It’s late. My house is quiet. Even the teenagers are asleep. But I’m not. My mind is spinning too much to let me rest.
I could use the rest. It has been a busy month/week/day. But tomorrow (I guess it is actually today now) is a big day. It is our first Professional Learning Day of the school year.
I love PA days. I’m enough of a teacher-geek that, while there are lots of interesting things to do as a principal, getting to spend some time teaching and learning with staff is a highlight of the job.
This PA day, however, has me thinking a little too much. I’m not sure why. That’s why my head is spinning.
The topic isn’t that strange. It is a variation on a PD session that I have participated in many, many times. We’re looking at system goals, deconstructing student learning, analyzing evidence and setting school goals. It’s a pretty typical beginning-of-the-year session.
But for some reason, the session tomorrow (um, today) has me thinking about Friday night movies. You know those Friday nights when you want to celebrate the fact you made it through another long week but you are so exhausted that all you can manage is to curl up on your couch and find an entertaining movie to enjoy? I was thinking that those movies tend to fall into two categories. You’ve got your quirky or surprising or shocking flicks that blow your mind because they are full of surprises and shift your understanding of film entirely. Can you think of what some of those have been for you? You probably can, because when you experience a mind shifting kind of movie it becomes unforgettable. But then there is the other type of movie. That’s the old familiar: you choose it because it is a comfortable genre, with a predictable (but enjoyable) story line and maybe even featuring some well known actors that have often been with you in your living room on Friday movie nights. How often do we turn to these kind of comfortable type of movies? For me, it’s pretty often.
So what do Friday night movies have to do with PD? I’m glad you asked.
The session we’re working through tomorrow (right. Today), has the makings of an old familiar movie. We know what the story line will be as we follow through on our predictable steps of reflection, deconstruction, analysis, construction and plan for future analysis. We’ll fondly recall the actors to get us through the movie; those strategies we’ll plan to use (the need for ongoing feedback and assessment, small group and differentiated instruction, meaningful tasks, learning revolving around critical skills). We even have a familiar setting in the system goals we’re aiming for: getting kids to read, write, engage in mathematical thinking and do so with enhanced personal and social well being.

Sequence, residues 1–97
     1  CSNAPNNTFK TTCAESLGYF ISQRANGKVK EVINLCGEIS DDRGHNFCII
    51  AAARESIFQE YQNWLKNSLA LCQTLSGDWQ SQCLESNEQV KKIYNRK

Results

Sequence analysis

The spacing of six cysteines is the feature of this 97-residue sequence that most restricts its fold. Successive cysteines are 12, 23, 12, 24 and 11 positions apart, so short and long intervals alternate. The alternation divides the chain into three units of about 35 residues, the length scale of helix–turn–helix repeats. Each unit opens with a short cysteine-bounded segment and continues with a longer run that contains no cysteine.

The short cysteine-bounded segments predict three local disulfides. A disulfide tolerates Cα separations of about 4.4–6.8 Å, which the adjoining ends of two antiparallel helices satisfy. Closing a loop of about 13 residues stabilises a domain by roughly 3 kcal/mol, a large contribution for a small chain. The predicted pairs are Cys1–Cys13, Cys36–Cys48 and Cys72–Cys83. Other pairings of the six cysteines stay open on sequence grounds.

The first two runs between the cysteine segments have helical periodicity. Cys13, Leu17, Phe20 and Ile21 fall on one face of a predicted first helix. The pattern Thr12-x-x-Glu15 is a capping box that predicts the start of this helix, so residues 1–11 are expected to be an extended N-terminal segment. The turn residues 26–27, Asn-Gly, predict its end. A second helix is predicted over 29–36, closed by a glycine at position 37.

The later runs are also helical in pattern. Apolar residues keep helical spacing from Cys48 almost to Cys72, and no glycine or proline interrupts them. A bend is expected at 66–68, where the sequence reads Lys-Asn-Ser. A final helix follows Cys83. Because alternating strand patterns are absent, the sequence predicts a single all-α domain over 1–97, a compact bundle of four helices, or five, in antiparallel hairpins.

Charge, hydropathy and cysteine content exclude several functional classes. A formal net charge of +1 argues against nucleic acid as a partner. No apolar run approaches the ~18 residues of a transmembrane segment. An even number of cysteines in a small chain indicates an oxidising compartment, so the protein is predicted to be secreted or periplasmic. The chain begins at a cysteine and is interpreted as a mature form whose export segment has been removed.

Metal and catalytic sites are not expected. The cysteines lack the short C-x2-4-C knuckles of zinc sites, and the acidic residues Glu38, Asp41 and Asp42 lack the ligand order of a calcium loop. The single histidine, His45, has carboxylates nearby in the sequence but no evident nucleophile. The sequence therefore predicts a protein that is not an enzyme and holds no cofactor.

But. The teacher-geek in me knows that all of that can lay the groundwork for a pretty mind-blowing second act. If we do our job right tomorrow and develop a common understanding of our goals, their purpose and the means to help us reach them, we’re setting ourselves up for some exciting times. Because that’s when it happens, right? When innovation or creativity or some mind shifting unforgettable-ness (I’m making up words now. It’s that late) can occur because we have all focused in on what needs to be done and why we have to do it.
Educators are all about routine and structure and familiarity except when they’re not. And when they’re not, they are all about finding new ways to get our students to learn even better than they have before. That is, essentially, our two movie mash-up; the best of both Friday night movie night worlds.
I don’t know if any of this makes sense to you. I’m not even sure if any of this will make sense to me once I’ve had a chance to rest and reflect. But for those who find themselves engaging in a familiar pattern of professional learning tomorrow (I know. I know. Today) or in the next little while, I wonder how you will approach it. Will you roll your eyes and say “here we go again”? Will you settle back to just comfortably absorb an old familiar story? Or will you find your popcorn and get lost in it all from the opening credits knowing that you might just experience something unforgettable if you keep with it?